Definitions

from Wiktionary, Creative Commons Attribution/Share-Alike License

  • n. alternative form of necromancy, used by Sir Richard Burton.

Etymologies

from Wiktionary, Creative Commons Attribution/Share-Alike License

Coined by Sir Richard Burton from Middle English forms of "necromancy", such as egremauncey and egremauncye in the quotations below.

Examples

  • Often he uses these words with excellent effect, as, for example, "egromancy," [FN#473] in the sentence: "Nor will the egromancy be dispelled till he fall from the horse;" but unfortunately he is picturesque at all costs.

    The Life of Sir Richard Burton

  • Al – Sahr, magic or the black art proper, gramarye, egromancy, while Al — Simiyá is white magic, electro-biology, a kind of natural and deceptive magic, in which drugs and perfumes exercise an important action.

    The Book of The Thousand Nights And A Night

  • Then she stood up; and, pronouncing some words to me unintelligible, she said: — By virtue of my egromancy become thou half stone and half man; whereupon I became what thou seest, unable to rise or to sit, and neither dead nor alive.

    The Book of The Thousand Nights And A Night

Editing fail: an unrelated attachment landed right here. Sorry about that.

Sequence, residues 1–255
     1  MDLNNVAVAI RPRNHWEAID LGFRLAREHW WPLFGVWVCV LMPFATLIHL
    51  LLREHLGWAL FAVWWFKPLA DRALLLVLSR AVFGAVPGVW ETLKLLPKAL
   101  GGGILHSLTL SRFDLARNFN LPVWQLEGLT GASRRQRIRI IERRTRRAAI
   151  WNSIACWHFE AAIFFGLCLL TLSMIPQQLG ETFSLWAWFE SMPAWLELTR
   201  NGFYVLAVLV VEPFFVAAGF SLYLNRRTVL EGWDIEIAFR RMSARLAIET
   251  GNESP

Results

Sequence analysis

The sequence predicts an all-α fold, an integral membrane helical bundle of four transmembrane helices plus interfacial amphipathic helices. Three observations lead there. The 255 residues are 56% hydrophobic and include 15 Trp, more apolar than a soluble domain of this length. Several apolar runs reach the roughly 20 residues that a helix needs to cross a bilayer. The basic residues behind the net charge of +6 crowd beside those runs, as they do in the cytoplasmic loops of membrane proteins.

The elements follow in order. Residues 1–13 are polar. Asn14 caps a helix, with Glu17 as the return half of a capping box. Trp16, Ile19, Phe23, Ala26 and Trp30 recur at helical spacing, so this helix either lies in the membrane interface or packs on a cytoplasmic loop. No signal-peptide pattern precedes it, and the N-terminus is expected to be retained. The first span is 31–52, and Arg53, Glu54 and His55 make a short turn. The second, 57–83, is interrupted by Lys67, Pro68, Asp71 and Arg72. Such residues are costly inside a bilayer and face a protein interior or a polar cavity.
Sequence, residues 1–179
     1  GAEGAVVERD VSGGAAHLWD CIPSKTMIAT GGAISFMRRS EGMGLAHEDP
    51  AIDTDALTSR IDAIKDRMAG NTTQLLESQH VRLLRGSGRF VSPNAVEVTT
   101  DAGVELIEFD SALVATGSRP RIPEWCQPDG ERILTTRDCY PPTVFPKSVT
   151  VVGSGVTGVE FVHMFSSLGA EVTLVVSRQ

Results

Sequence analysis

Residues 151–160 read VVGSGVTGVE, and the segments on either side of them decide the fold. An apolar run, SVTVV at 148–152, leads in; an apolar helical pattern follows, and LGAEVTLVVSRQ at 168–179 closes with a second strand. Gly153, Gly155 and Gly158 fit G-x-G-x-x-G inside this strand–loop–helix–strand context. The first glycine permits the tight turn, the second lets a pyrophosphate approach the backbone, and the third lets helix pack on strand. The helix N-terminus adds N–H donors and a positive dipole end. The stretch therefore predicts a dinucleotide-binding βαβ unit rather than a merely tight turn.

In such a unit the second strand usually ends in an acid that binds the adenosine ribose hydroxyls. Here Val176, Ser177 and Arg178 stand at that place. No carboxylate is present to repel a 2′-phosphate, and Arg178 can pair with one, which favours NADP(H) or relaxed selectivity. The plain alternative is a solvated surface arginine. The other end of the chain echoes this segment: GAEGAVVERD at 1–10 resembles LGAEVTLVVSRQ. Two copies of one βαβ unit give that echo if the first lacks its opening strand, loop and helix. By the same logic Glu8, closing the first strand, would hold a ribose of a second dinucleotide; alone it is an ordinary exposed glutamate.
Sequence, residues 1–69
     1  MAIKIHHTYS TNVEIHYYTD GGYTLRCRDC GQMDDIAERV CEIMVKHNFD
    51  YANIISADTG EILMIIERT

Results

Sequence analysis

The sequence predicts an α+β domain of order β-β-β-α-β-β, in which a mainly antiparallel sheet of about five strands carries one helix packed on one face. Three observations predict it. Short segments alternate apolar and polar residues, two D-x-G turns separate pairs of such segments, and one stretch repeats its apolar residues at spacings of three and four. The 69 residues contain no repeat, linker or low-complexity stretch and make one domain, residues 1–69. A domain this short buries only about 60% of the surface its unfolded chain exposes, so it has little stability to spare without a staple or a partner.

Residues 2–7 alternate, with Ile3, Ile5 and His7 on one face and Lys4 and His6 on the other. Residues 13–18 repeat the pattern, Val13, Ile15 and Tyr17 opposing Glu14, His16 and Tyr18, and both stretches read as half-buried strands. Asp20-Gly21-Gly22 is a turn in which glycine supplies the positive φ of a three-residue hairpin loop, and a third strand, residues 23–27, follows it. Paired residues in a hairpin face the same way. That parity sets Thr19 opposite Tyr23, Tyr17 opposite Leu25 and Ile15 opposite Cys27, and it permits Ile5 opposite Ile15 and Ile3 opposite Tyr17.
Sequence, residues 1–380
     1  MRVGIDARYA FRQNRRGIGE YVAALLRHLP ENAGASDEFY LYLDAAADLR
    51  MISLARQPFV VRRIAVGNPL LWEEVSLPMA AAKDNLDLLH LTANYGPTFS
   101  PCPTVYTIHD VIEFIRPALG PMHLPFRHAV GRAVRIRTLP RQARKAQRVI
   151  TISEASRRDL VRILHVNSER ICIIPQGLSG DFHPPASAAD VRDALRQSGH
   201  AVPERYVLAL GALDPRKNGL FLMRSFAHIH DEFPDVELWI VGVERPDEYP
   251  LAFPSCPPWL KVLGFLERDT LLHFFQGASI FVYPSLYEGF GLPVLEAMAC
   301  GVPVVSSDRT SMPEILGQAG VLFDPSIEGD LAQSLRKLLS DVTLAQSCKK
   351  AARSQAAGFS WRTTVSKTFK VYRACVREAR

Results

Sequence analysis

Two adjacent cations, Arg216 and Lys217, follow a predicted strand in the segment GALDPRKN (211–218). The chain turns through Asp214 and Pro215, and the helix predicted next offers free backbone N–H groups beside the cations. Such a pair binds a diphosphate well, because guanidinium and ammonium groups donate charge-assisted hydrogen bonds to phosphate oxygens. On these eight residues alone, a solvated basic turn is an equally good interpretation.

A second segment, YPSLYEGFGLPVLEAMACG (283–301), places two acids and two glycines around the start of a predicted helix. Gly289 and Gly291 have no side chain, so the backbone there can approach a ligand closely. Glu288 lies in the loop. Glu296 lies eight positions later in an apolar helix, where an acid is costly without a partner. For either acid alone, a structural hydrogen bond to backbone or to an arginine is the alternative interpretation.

• Moreover, by the might of his egromancy he hath made a staff, in three pieces, and this he planteth in the earth and conjureth over it; whereupon flesh and blood issue from the first piece, sweet milk from the second and wheat and barley from the third; then he withdraweth the staff and returneth to his place which is hight the

    The Book of The Thousand Nights And A Night

  • “Know that my father hath promised me in marriage to a wicked magician who brought him, as a gift, a horse of black wood, and hath bewitched him with his craft and his egromancy; but, as for me, I will none of him, and would, because of him, I had never come into this world!”

    The Book of The Thousand Nights And A Night

  • “Nor will the egromancy be dispelled till he fall from his horse.”

    The Life of Sir Richard Burton

  • “By virtue of my egromancy become thou half stone and half man.”

    The Life of Sir Richard Burton

  • "By virtue of my egromancy become thou half stone and half man."

    The Life of Sir Richard Burton

  • [FN#468] "Nor will the egromancy be dispelled till he fall from his horse."

    The Life of Sir Richard Burton

  • But the daughter of my uncle (this gazelle) had learned gramarye and egromancy and clerkly craft [FN#46] from her childhood; so she bewitched that son of mine to a calf, and my handmaid (his mother) to a heifer, and made them over to the herdsman's care.

    Arabian nights. English

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